With UV curable, adhesion to plastics are particularly difficult due to the inherent polymerization process of UV resins. When exposed to UV light, the integral photoinitiator starts a chain
reaction leading to polymerization of the formulation.
But this process can include shrinking of the transferred ink, coating or adhesive. Diluting of the curable with acrylates reduces the viscosity of UV formulation. Low viscous acrylates with high functionality can positively increase cross-linking density.
But this can also increase shrinkage and therefore decreases adhesion. Choosing diluting acrylates with lower functionality can aid adhesion to the adherend.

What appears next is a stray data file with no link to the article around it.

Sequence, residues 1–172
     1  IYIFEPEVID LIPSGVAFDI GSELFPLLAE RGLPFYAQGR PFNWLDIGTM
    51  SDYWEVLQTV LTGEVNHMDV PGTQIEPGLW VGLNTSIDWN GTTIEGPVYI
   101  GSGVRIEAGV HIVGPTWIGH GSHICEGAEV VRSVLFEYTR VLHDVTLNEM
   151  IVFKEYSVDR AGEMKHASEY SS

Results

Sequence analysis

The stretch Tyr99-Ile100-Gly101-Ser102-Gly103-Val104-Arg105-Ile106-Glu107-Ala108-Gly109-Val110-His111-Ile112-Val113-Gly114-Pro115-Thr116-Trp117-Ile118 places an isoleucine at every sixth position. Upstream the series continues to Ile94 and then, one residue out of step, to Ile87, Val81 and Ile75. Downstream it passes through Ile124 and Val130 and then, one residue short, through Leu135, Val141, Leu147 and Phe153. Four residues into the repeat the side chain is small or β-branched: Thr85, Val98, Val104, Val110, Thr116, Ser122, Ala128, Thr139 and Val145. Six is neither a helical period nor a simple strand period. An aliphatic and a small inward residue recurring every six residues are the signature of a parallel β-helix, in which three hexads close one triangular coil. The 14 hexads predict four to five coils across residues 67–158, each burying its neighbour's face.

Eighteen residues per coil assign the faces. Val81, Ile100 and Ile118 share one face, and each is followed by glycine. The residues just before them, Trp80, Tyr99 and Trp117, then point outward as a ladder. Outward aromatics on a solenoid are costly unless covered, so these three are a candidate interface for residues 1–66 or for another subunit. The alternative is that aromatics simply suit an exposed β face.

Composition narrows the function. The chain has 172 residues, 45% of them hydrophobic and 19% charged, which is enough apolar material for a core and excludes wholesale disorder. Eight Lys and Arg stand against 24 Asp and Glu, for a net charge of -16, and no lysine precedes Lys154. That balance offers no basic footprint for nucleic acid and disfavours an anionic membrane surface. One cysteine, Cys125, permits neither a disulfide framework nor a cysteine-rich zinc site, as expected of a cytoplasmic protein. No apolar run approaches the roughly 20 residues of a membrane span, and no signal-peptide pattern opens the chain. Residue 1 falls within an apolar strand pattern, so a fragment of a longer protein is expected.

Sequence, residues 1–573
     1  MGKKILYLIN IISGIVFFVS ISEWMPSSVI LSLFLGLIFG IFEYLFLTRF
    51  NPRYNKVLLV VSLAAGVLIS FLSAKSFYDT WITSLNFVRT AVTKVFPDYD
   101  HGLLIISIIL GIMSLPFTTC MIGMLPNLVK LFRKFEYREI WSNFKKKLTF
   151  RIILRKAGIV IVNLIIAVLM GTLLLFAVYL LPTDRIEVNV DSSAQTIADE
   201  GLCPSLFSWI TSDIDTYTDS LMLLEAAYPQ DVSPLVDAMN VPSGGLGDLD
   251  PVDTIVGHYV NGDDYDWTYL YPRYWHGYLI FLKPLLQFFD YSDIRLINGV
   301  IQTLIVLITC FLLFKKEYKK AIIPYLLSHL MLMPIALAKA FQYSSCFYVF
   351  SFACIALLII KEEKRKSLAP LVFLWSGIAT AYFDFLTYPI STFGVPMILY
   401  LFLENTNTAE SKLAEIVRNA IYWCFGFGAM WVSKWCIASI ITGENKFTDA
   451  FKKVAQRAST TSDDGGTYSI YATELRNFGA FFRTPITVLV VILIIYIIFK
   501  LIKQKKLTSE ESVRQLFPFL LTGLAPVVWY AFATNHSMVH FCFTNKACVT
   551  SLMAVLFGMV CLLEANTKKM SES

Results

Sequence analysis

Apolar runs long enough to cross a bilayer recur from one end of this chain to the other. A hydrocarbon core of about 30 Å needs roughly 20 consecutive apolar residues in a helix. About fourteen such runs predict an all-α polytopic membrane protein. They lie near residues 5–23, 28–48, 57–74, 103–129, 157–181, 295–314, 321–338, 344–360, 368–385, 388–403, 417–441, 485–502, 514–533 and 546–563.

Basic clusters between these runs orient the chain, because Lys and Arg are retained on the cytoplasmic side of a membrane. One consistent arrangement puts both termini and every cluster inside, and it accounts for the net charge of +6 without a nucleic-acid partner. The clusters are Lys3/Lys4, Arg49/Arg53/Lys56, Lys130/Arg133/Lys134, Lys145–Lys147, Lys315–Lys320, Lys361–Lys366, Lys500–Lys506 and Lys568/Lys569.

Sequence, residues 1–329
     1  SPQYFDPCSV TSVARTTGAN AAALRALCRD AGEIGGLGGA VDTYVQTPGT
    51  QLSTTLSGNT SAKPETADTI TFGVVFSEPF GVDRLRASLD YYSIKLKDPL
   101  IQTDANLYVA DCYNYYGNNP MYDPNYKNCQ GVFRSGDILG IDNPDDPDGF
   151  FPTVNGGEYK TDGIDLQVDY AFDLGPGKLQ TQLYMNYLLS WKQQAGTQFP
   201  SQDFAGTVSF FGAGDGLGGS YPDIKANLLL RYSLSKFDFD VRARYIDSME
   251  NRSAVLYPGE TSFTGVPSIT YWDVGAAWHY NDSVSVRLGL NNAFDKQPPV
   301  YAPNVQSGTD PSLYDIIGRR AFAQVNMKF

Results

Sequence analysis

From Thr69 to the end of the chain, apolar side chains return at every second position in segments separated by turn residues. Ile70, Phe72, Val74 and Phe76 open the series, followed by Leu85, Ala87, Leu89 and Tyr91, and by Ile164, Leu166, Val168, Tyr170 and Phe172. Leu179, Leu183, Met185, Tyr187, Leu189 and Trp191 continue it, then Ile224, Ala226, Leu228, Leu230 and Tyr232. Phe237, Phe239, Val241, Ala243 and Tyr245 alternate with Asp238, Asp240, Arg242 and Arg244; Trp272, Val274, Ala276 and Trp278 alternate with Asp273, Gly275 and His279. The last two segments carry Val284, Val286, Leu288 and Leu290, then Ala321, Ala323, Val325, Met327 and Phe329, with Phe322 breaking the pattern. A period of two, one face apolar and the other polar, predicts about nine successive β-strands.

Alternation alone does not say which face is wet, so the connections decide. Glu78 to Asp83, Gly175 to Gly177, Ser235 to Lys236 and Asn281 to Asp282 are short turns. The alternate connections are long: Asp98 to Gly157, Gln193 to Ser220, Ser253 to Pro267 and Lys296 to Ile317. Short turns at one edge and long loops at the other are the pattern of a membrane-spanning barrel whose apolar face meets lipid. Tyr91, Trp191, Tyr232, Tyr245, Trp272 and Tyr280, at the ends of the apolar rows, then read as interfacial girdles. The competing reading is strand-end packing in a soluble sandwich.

Also a major adhesion promotion
technique when using diluting adherends is ensuring that the liquid UV formulation have a surface tension no higher (and preferably 10 mN/m lower) than the critical surface tension of the solid adherend.
Surface treating polypropylene, for example, using a functionalizing atmospheric plasma to raise its surface tension from 31 mN/m to 46 mN/m and create covalent bonding will allow most diluting acrylates to wet sufficiently to its surface. Request your free technical paper.